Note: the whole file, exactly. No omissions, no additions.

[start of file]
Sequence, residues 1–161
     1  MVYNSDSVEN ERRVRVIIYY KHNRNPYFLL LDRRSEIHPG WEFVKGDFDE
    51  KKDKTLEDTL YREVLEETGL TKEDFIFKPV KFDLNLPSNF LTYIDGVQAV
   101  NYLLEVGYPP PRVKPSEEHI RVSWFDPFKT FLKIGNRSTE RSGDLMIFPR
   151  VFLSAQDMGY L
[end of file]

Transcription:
Sequence, residues 1–161
     1  MVYNSDSVEN ERRVRVIIYY KHNRNPYFLL LDRRSEIHPG WEFVKGDFDE
    51  KKDKTLEDTL YREVLEETGL TKEDFIFKPV KFDLNLPSNF LTYIDGVQAV
   101  NYLLEVGYPP PRVKPSEEHI RVSWFDPFKT FLKIGNRSTE RSGDLMIFPR
   151  VFLSAQDMGY L